Sermon text: John 1: 1-18
Christmas is more than a season, it is a way of life. Now, for many people, I am certain that Christmas is a way of life, at least for the month of December. Can you imagine if Christmas extended beyond January 6—beyond the church’s twelve days, or if it was more than just the entire month of December?
I realize this is easier to imagine as stores push Christmas decorations and specials earlier and earlier in the fall…but imagine a life full of decorations, gift giving, cookie baking, predictable Hallmark movies, carols, peppermint flavoring, and gingerbread. Part of Christmas’ appeal is the seasonal charm, but what if that season stretched beyond what is culturally and religiously considered normal and appropriate?
Last week I touched briefly on the Christmas tree that sits in the corner of my living room, giving off its soft white glow. I also have a string of large, vintage looking bulbs that are stretched across my living room. I love to turn the lights low and sits in the splendor of these festive lights and I have no plans of taking either down anytime soon. That’s the beauty of a fake tree—I have no real time limit!
I’m in the same spirit as many of my friends who put their trees up weeks before they normally would even consider it. The most ardent Advent observers were decking the halls early because they needed to feel the joy of Christmas, and jumping the gun on the tree or baking or Hallmark movies or Christmas music helped to spread a bit more cheer in an otherwise dreary landscape.
And yet, even with its added value this holiday season, could you really do Christmas all year long? I really shouldn’t ask that question because I’m sure a few people would definitely say yes. But I can remember the times I’ve been in a Christmas shop at non-Christmas times of the year and I know how odd it feels. I don’t think I could handle it. I’m certain that my waist line could not handle it.
Of course, all of the holiday traditions help to remind us of the larger Gospel truth we celebrate at Christmas: The birth of Jesus Christ—or, as John writes, “The Word became flesh and lived among us.” Jesus is the light shining in the darkness, and the darkness did not overcome it. In this child we remember that light is stronger than darkness, life is stronger than death, and love is stronger than hate.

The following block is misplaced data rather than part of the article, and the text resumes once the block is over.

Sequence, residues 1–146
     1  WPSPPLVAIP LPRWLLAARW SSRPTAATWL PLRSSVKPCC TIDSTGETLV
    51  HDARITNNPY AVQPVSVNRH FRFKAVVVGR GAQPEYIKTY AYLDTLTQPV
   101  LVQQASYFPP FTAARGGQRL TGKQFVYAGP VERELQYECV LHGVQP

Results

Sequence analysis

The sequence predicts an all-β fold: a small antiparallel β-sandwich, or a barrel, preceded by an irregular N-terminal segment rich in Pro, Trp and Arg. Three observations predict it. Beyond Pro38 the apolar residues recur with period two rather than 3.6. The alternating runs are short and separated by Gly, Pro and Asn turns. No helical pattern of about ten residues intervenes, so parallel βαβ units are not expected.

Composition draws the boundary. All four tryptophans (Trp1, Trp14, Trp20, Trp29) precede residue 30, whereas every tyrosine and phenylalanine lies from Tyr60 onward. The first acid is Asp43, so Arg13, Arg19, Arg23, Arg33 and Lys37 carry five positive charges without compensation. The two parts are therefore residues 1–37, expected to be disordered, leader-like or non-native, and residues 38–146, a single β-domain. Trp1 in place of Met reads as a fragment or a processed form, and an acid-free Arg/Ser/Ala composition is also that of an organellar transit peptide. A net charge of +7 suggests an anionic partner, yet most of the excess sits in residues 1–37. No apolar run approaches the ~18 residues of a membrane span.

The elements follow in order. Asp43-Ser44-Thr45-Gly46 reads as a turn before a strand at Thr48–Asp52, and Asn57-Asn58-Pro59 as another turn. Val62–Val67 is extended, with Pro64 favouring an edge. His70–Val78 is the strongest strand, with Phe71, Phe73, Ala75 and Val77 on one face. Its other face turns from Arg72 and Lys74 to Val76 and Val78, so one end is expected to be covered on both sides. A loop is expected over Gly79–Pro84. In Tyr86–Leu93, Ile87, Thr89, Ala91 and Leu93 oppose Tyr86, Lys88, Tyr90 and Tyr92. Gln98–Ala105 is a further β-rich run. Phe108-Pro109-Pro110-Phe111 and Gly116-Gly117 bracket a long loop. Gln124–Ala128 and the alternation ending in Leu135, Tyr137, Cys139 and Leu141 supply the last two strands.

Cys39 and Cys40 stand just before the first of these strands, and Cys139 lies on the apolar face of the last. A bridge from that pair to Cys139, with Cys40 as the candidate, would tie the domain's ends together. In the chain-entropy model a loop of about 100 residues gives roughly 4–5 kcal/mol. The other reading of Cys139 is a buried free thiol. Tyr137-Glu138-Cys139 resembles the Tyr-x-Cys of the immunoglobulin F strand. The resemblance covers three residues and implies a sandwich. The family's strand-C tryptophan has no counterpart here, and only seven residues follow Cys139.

Those are all message we need to hear again right now, which is why I’m thankful that Christmas is more than just a season, it is a way of life. Because while the cookies, hot chocolate, and ugly sweaters may take a break until next year, the hope and life that we receive in the celebration of Christ’s birth is just the beginning.
Ironically, I can report that 2020 hasn’t even been my worst year on record. Personally, 2017 or 2019 would take the cake, if there was a big, disgusting, moldy cake given for horrible years. But the premise still remains. When life is at its toughest, when we are tried by our circumstances, we need the light of Christ shining in our darkness. And let’s face it, we need the source of our eternal light right now, because last year has disappointed in so many ways.
This week I found another Christmas poem that I want to share with you. I guess Christmas is becoming the season of poetry. This week’s is much shorter than the Maya Angelou piece I shared last time, but it is no less profound. It was penned by Howard Thurman, an American author, educator, philosopher, theologian, and civil rights leader. The poem is titled, “The Work of Christmas.” He writes:
When the song of angels is stilled,
When the star in the sky is gone,
When the kings and princes are home,
When the shepherds are back with their flocks,
The work of Christmas begins:
To find the lost,
To heal the broken,
To feed the hungry,
To release the prisoner,
To rebuild the nation,
To bring peace among the people,
To make music in the heart.
As Thurman correctly identifies, those are the works of Christmas. Even though it is uncomfortable to admit, we are the lost, the broken, the hungry, the prisoner, the ones looking to rebuild, and the searching for peace. Our hearts are longing for music. Let’s face it, we’re in over our heads. We are lost as virtual tutors, we are broken as social networks, we are hungry for good food in restaurants, we are prisoners of pandemic, our polarized nation feels like it is in shambles, and we are lacking any semblance of peace or security or certainty as we plan for the upcoming weeks and months. The stage is set for the work of Christmas to begin.
In verse 18, John writes, “No one has ever seen God. It is God the only Son, who is close to the Father’s heart, who has made him known.” That’s the beauty we celebrate this season—God made the decision to become one of us. God made the decision to take on our life. And with that decision comes hope. This season we are reminded that God enters our mortal life so that we might have eternal life. We remember that God’s commitment to us is absolute. We see that the mystery of God, that which we could never fully comprehend, is now born of flesh and blood. God is with us. We have Emmanuel.
And even though we celebrate these truths for a short season of twelve days, the truth itself follows us into the rest of our lives. Jesus walks beside us, helping us to bear our burdens and disappointments, helping us to celebrate our victories and advances. The word was made flesh and we have someone to hold on to. The light and hope of Christ is with us for a lifetime, and this season is only the beginning. AMEN